When Nissan was asked why there wasn't a supercharger available on the new Frontier, the response was, "It doesn't need it." A good sign. The manufacturer was aware of the previous model's shortcomings in the horsepower department and went straight to work on it with the new truck.

Now bigger, sturdier, and more capable of towing and carrying cargo, the Frontier is the little brother of the Titan (how could it not be, with a shortened version of its F-Alpha platform and the same 4WD system?), but with its own attitude. Available in King Cab and Crew Cab body styles--regular-cab fans will have to look elsewhere--the truck's offered with a choice of two- or four-wheel drive, and two engines. The 2.5-liter inline-four, which comes to market a couple of months after the 4.0-liter V-6, is only offered with the 2WD King Cab, making the 265-horse six the engine most people will buy. Both engines are backed by a five-speed automatic or six-speed manual.

The 4.0-liter V-6 is a great match to this truck. It gets up to speed with authority and has enough juice that we're confident it could easily pull its 6000-pound towing capacity. It also represents the first time Nissan has been the segment leader in horsepower--a huge accomplishment, considering its competitors include Chevy, Toyota, and the 250-horsepower V-8 Dakota.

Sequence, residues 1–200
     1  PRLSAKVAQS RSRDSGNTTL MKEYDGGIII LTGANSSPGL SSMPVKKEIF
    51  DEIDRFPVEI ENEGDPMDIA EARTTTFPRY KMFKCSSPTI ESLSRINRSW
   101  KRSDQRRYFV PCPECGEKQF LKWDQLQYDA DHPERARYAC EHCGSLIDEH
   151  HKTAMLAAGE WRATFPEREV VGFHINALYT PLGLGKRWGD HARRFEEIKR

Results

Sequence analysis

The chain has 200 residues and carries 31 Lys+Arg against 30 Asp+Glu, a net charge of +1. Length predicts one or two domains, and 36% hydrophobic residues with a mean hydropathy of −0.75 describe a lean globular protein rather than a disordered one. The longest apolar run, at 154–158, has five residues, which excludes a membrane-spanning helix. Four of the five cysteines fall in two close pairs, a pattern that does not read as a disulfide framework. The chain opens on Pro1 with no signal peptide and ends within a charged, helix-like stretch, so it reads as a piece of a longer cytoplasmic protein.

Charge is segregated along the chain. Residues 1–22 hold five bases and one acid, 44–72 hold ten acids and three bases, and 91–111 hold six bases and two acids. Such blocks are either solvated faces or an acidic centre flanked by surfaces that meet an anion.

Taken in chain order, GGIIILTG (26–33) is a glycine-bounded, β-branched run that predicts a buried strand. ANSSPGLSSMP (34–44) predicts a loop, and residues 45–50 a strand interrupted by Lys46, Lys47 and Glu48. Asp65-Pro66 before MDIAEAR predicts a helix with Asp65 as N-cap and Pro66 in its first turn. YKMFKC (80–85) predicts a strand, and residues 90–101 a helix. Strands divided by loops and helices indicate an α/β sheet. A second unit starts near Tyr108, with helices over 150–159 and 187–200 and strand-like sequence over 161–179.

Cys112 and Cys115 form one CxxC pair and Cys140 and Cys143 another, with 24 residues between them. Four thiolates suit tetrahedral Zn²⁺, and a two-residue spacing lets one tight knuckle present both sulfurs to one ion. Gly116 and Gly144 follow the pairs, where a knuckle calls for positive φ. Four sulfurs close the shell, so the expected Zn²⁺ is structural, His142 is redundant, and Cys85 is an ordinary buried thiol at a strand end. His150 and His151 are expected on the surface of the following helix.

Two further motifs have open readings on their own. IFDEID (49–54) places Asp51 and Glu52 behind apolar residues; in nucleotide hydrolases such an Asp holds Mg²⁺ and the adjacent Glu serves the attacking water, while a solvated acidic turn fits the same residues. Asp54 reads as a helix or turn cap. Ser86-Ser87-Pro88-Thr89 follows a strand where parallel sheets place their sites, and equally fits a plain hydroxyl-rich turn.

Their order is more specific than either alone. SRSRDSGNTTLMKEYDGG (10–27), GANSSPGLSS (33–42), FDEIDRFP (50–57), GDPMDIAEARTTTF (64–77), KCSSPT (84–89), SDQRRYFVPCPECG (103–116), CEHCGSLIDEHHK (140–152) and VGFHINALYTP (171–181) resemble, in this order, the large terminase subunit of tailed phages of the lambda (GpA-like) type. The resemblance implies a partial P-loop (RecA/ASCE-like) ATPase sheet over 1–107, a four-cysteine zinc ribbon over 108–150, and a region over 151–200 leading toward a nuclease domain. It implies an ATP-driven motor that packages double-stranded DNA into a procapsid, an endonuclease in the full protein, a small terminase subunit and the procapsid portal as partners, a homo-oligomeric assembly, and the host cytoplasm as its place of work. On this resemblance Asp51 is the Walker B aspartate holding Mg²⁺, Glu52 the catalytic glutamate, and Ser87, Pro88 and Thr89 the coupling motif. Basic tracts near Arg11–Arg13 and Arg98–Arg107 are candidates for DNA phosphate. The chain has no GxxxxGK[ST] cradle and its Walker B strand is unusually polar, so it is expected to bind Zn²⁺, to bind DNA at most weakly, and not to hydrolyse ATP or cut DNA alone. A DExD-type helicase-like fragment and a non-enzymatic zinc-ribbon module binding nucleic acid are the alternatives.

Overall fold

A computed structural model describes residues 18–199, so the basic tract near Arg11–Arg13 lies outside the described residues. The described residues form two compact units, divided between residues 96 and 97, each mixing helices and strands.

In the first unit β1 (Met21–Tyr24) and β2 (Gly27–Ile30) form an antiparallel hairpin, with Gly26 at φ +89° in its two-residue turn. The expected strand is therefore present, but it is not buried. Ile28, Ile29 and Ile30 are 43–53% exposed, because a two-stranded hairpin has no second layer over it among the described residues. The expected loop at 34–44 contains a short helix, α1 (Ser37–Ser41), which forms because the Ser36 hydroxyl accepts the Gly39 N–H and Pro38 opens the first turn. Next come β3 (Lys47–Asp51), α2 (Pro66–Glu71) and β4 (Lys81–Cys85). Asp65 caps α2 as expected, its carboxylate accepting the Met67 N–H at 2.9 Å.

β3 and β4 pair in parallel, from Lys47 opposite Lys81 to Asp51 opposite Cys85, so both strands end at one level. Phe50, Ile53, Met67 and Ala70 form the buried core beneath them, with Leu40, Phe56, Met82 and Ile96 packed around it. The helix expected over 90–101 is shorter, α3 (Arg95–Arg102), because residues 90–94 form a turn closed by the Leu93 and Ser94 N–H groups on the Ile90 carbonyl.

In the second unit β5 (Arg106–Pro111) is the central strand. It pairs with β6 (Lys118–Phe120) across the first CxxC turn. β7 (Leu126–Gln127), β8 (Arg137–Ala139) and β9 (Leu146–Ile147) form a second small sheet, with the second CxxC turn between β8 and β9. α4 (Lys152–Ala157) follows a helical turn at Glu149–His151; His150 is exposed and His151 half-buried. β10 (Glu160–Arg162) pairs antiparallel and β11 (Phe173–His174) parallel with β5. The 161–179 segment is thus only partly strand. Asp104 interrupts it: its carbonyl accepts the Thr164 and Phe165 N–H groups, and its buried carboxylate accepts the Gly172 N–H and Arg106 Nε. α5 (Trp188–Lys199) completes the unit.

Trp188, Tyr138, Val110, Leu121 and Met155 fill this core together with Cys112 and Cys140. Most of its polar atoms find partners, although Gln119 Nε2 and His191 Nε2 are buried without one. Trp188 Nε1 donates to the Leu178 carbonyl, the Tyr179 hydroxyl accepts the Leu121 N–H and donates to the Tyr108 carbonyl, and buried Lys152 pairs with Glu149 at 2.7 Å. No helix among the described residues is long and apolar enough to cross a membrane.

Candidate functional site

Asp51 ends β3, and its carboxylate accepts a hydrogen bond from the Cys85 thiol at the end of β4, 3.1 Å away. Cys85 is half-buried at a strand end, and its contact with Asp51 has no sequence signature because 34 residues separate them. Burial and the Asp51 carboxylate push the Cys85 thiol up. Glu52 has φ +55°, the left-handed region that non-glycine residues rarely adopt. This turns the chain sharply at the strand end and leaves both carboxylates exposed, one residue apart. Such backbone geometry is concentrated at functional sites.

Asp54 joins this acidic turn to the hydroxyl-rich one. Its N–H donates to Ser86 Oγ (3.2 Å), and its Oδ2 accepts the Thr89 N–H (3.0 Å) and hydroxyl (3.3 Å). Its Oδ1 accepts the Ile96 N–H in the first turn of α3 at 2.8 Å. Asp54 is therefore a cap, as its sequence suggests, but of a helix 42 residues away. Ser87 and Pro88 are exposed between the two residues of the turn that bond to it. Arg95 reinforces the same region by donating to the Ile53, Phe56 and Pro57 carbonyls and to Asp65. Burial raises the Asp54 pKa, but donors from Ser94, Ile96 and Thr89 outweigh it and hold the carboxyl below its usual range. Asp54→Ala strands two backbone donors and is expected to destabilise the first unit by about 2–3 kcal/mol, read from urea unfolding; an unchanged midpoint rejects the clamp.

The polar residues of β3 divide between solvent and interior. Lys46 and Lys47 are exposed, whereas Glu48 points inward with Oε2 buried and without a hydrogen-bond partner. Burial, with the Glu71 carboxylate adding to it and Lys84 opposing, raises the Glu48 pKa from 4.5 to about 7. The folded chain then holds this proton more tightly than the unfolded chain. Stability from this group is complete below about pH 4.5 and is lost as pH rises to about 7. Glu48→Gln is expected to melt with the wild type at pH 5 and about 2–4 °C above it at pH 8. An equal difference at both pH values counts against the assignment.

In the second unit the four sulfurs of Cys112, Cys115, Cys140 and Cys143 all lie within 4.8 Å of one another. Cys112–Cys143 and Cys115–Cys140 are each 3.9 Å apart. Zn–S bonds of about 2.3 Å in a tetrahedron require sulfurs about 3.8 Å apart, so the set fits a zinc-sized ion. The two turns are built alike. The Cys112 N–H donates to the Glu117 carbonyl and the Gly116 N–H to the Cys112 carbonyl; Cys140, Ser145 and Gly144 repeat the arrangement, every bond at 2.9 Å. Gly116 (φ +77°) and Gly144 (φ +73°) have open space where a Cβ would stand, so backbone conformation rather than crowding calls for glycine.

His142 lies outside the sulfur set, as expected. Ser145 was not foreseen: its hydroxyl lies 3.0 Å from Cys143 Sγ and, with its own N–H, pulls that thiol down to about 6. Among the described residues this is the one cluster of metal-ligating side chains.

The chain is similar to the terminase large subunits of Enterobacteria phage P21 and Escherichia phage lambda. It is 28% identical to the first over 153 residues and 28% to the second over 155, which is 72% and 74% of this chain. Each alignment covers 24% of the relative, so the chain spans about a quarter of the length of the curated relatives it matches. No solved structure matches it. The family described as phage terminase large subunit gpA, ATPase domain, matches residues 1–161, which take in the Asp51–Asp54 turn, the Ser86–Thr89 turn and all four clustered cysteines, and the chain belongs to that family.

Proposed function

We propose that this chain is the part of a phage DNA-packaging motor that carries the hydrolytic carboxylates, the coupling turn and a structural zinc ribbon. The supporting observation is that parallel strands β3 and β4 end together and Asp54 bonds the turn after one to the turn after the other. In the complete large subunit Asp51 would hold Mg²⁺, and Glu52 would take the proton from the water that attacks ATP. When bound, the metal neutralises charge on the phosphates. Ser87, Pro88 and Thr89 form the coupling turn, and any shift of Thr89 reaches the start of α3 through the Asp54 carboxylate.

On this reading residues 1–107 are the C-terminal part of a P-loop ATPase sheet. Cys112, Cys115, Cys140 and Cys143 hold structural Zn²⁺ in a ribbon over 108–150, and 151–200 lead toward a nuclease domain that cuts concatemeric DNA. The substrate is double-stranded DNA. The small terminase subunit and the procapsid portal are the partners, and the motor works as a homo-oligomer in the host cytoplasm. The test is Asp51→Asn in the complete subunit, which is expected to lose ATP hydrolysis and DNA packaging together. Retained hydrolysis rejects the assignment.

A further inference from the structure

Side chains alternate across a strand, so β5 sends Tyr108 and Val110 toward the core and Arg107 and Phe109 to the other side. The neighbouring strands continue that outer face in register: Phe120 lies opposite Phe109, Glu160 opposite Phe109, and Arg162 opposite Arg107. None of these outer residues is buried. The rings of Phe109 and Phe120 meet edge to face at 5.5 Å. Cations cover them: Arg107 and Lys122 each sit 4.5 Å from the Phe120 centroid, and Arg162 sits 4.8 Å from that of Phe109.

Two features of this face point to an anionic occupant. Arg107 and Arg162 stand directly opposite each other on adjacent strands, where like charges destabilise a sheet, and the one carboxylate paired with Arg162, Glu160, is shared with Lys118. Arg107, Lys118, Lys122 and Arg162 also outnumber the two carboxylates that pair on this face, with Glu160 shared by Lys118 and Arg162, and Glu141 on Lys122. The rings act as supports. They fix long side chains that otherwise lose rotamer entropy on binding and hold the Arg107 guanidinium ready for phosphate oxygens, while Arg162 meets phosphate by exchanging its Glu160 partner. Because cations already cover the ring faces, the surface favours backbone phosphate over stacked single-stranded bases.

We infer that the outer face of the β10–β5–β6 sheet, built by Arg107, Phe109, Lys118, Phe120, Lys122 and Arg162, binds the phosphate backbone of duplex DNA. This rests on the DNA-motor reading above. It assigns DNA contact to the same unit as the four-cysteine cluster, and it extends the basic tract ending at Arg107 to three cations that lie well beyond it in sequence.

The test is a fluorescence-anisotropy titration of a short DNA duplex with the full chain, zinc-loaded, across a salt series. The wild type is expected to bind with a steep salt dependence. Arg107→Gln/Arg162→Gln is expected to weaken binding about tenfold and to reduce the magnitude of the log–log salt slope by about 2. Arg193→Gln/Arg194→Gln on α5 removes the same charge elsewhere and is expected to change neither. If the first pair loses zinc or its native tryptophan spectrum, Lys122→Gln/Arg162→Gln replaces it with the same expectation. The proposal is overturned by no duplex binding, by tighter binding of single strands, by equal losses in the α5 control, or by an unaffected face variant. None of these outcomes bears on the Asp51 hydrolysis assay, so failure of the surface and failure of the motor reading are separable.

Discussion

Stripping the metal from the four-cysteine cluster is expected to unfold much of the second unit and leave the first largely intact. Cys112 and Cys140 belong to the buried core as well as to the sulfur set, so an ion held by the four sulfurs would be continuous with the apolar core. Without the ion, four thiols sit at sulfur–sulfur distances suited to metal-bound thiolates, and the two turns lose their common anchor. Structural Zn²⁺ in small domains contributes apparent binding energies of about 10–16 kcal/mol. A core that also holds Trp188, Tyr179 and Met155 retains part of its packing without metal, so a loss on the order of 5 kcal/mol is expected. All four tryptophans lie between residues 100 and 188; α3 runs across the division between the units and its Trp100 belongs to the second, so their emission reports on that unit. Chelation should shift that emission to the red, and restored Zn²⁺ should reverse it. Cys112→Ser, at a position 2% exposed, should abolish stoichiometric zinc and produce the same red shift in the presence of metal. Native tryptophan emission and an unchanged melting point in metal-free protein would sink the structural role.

Because of the platform change, the new Frontier feels much more solid than its predecessor. Its wheelbase is nearly 10 inches longer and the overall length is up to 5.6 inches longer--even though this pickup is smaller than a Titan, there's no question it's bigger than the 2004 Frontier. It drives and steers like a more substantial truck. The new truck's handling has also been improved, but it's not quite as light on its feet as the compact it replaces.

Our tester was the NISMO Frontier, a package that's new for 2005. This truck will be offered as a King and Crew Cab with two- or four-wheel drive. All NISMO Frontiers come with an electronic locking rear diff, limited-slip, Hill Descent Control, Hill Start Assist, off-road-tuned Bilstein shocks, skidplates, and 265/75R16 BFGs. The preproduction truck we drove had more than its share of squeaks and rattles, something we hope will disappear come production time.

The Frontier has grown up. Its expanded beltline makes it more competitive with the likes of the Dakota and Tacoma, trucks that have also undergone recent upsizing. It's true, the new Frontier doesn't need a supercharger, but it would be a hell of a firebreather with one.